Good news for all you couch potatoes. Here’s the skinny on Hitachi’s new 1.5-Series Ultra-Thin 42-inch LCD TV. An incredible 1.5 inches in thickness, the UT 42-MX 700A is available in two colours: black and white.

Price: Rs1.35 lakh (Optional HD Multimedia Station: 20,000)

The twin 6W speakers deliver crisp and clear sound, but they scrimp on resonance and depth to a degree. Understandable, if you consider the squelched dimensions, yet inconsequential, if you’re hooking the panel to a home theatre system. The auto volume levelling is a boon.

The more demanding geeks may complain about the limited video connectivity options (just one HDMI and RGB input each). For additional options, you will have to fork out an additional Rs20,000 for a separate High Definition Multimedia Station receiver/tuner which hooks to the LCD via an HDMI cable.

Apart from serving as an analogue and digital receiver, the Station boosts connectivity via its twin HDMI ports, component and composite inputs, a USB port for photo viewing and a digital audio out. And this means an additional “box" and an elaborate, all-in-one remote.

The Hitachi UT 42-MX’s elegance, aesthetics and superior performance comes at a price. If value for money is your only mantra in life, eyeball and experience, and then envy and eliminate.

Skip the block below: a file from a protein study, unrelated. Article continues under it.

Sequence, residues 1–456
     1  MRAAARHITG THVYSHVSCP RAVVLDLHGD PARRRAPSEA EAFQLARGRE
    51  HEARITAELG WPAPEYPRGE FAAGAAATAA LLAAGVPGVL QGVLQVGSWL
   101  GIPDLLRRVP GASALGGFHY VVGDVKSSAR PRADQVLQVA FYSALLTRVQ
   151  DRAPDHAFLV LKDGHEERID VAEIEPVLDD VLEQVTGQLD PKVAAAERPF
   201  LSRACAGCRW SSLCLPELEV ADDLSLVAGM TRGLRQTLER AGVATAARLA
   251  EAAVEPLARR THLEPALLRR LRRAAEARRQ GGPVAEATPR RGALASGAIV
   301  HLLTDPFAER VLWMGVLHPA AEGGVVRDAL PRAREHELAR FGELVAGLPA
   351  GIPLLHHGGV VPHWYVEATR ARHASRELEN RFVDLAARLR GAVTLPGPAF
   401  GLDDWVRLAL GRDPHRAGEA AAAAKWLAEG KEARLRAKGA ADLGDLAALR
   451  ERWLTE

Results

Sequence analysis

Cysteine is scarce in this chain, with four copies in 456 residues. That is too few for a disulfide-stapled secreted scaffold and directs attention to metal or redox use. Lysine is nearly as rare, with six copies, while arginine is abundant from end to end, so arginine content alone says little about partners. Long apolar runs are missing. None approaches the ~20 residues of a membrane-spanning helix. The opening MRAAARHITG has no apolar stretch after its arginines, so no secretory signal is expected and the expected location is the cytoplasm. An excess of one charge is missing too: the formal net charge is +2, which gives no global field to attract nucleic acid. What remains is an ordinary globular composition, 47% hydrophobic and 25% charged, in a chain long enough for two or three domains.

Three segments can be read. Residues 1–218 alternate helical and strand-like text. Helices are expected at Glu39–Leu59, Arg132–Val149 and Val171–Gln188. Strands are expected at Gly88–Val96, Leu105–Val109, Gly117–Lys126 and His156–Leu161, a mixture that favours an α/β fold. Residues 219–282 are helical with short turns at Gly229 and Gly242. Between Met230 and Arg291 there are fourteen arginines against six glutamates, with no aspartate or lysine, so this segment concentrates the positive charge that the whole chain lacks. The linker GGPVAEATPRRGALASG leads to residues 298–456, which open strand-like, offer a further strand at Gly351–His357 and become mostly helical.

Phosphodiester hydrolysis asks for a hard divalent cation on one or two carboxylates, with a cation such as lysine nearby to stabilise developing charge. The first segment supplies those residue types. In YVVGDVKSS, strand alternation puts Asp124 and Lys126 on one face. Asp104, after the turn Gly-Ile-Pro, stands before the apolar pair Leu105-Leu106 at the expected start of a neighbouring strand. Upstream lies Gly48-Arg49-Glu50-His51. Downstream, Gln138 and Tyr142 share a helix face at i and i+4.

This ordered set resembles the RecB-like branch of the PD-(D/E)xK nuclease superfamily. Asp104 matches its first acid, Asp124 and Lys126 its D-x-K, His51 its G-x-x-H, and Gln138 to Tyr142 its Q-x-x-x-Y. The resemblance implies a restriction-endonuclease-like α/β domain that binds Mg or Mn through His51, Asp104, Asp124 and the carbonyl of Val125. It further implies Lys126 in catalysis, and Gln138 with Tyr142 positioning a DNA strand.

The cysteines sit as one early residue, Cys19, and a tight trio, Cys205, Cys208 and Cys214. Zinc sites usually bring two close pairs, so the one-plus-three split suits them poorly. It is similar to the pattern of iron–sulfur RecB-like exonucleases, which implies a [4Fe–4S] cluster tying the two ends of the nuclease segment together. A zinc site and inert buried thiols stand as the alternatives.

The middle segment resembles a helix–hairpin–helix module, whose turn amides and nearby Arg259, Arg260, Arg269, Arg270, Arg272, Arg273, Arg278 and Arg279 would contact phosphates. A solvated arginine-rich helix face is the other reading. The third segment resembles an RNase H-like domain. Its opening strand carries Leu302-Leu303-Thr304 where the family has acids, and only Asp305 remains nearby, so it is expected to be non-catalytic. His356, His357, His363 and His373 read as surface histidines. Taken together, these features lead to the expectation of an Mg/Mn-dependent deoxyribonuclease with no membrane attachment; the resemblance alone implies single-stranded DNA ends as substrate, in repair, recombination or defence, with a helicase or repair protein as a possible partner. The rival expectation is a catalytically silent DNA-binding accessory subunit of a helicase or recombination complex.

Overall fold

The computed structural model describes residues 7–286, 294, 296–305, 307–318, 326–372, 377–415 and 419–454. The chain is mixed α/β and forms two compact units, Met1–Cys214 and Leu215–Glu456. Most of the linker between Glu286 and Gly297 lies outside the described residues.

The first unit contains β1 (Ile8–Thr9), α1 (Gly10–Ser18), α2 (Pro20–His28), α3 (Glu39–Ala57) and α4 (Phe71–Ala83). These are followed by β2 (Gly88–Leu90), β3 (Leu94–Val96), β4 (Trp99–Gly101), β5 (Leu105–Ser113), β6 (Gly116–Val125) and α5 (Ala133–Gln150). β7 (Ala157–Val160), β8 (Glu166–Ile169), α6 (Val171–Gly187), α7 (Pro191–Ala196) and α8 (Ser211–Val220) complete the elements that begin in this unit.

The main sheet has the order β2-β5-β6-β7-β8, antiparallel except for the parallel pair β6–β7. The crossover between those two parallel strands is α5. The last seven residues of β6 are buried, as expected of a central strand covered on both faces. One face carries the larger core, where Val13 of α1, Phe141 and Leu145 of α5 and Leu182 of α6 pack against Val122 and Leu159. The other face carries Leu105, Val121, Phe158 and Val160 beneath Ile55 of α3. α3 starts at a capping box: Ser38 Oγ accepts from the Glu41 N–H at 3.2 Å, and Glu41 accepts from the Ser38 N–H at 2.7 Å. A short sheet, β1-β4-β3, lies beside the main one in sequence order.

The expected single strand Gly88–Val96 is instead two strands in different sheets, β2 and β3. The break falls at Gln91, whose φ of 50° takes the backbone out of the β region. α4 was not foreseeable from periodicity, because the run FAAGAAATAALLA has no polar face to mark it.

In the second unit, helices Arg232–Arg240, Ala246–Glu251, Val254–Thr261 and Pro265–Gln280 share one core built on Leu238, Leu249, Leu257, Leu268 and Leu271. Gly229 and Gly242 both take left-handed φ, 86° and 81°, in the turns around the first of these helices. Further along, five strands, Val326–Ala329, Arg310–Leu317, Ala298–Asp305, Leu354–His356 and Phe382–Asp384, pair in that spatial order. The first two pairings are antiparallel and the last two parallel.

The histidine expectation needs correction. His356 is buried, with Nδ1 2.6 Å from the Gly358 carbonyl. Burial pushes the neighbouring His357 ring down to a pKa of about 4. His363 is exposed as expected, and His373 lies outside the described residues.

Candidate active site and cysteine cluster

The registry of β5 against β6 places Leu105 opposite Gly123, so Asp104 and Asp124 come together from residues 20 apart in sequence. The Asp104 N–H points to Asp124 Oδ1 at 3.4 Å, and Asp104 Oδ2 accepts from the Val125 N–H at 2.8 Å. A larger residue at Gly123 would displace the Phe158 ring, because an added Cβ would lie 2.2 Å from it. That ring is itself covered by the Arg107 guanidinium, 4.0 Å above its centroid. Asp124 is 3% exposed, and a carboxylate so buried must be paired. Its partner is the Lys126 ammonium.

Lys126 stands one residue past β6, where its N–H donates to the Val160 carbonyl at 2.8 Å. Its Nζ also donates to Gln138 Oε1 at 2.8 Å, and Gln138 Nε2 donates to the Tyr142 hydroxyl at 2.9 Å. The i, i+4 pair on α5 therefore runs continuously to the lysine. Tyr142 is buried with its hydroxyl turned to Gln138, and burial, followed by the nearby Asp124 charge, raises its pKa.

Also Read Hands On earlier columns

Nano Technology

A far cry from the tubby, third-generation personal media player that was, the fourth-edition Apple iPod Nano is a lean, mean, digital audio video machine. Its screen size is the same (2 inch), as is the capacity (8GB and 16GB) and video support. Yet, it is longer, lighter, slimmer and slicker, with more rounded surfaces, a curved LCD screen, an added tilt motion sensor (accelerometer) for rotated viewing, a much-improved interface, and accessibility features for the visually impaired. All this adds to the Nano’s appeal.

The new look 3.6 inch high, 0.2 inch thick Nano still comes with a 320x240 pixel screen but weighs only 36.8g. Its one-piece anodized aluminium casing feels robust and boasts a vibrant range of funky shades—pink, yellow, orange, black, blue, silver, red, and purple. The motion sensor works well with all images and video. There is also a neat “shake to shuffle" feature to randomly play songs from your music cache. The video display is crisp and the scroll wheel nimbly responsive. Genius technology now allows you to build insta-playlists based on the characteristics of a song. Plus, of course, the new Nano comes loaded with everything its previous avatars boasted. The stereo 3.5mm earbud headphones and USB cable aside, the sole accessory included is a docking station adapter. No complaints on sound quality.

The lithium ion battery needs 3 hours to top up and lasts over the rated 24 hours with audio and four hours with video—though decent, it is not an improvement over the previous versions. Nano faithfuls may call it old wine in a new bottle. Even so, you can’t miss the more evolved, refined flavour.